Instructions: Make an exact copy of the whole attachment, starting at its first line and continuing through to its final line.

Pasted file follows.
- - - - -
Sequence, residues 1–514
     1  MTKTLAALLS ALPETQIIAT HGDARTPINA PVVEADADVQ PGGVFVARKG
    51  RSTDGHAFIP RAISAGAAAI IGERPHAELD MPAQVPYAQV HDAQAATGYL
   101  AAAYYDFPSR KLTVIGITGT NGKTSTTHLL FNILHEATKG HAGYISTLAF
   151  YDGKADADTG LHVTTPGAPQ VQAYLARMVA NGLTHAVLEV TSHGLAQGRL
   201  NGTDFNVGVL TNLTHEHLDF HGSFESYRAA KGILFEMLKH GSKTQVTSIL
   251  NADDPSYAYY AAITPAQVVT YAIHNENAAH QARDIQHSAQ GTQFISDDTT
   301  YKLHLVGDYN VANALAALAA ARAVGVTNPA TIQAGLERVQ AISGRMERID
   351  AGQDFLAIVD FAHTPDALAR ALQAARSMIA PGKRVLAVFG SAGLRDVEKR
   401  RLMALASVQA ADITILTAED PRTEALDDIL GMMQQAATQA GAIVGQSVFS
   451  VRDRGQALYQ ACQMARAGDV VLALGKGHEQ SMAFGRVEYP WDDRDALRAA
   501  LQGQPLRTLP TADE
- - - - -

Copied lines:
Sequence, residues 1–514
     1  MTKTLAALLS ALPETQIIAT HGDARTPINA PVVEADADVQ PGGVFVARKG
    51  RSTDGHAFIP RAISAGAAAI IGERPHAELD MPAQVPYAQV HDAQAATGYL
   101  AAAYYDFPSR KLTVIGITGT NGKTSTTHLL FNILHEATKG HAGYISTLAF
   151  YDGKADADTG LHVTTPGAPQ VQAYLARMVA NGLTHAVLEV TSHGLAQGRL
   201  NGTDFNVGVL TNLTHEHLDF HGSFESYRAA KGILFEMLKH GSKTQVTSIL
   251  NADDPSYAYY AAITPAQVVT YAIHNENAAH QARDIQHSAQ GTQFISDDTT
   301  YKLHLVGDYN VANALAALAA ARAVGVTNPA TIQAGLERVQ AISGRMERID
   351  AGQDFLAIVD FAHTPDALAR ALQAARSMIA PGKRVLAVFG SAGLRDVEKR
   401  RLMALASVQA ADITILTAED PRTEALDDIL GMMQQAATQA GAIVGQSVFS
   451  VRDRGQALYQ ACQMARAGDV VLALGKGHEQ SMAFGRVEYP WDDRDALRAA
   501  LQGQPLRTLP TADE